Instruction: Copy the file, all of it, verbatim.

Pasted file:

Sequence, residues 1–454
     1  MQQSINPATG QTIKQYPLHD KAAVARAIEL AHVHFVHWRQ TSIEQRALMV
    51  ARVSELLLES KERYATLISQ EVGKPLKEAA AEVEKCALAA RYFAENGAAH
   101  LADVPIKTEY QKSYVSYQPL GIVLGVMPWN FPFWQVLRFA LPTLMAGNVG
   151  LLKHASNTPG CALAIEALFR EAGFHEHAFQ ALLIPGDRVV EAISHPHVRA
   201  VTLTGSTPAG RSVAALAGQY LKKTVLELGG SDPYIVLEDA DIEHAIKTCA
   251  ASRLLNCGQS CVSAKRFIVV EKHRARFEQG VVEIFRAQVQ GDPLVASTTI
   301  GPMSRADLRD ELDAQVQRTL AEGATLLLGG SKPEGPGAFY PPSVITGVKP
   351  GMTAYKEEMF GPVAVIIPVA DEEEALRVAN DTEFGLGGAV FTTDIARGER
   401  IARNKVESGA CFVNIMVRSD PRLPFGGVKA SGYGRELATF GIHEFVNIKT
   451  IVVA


Sequence, residues 1–454
     1  MQQSINPATG QTIKQYPLHD KAAVARAIEL AHVHFVHWRQ TSIEQRALMV
    51  ARVSELLLES KERYATLISQ EVGKPLKEAA AEVEKCALAA RYFAENGAAH
   101  LADVPIKTEY QKSYVSYQPL GIVLGVMPWN FPFWQVLRFA LPTLMAGNVG
   151  LLKHASNTPG CALAIEALFR EAGFHEHAFQ ALLIPGDRVV EAISHPHVRA
   201  VTLTGSTPAG RSVAALAGQY LKKTVLELGG SDPYIVLEDA DIEHAIKTCA
   251  ASRLLNCGQS CVSAKRFIVV EKHRARFEQG VVEIFRAQVQ GDPLVASTTI
   301  GPMSRADLRD ELDAQVQRTL AEGATLLLGG SKPEGPGAFY PPSVITGVKP
   351  GMTAYKEEMF GPVAVIIPVA DEEEALRVAN DTEFGLGGAV FTTDIARGER
   401  IARNKVESGA CFVNIMVRSD PRLPFGGVKA SGYGRELATF GIHEFVNIKT
   451  IVVA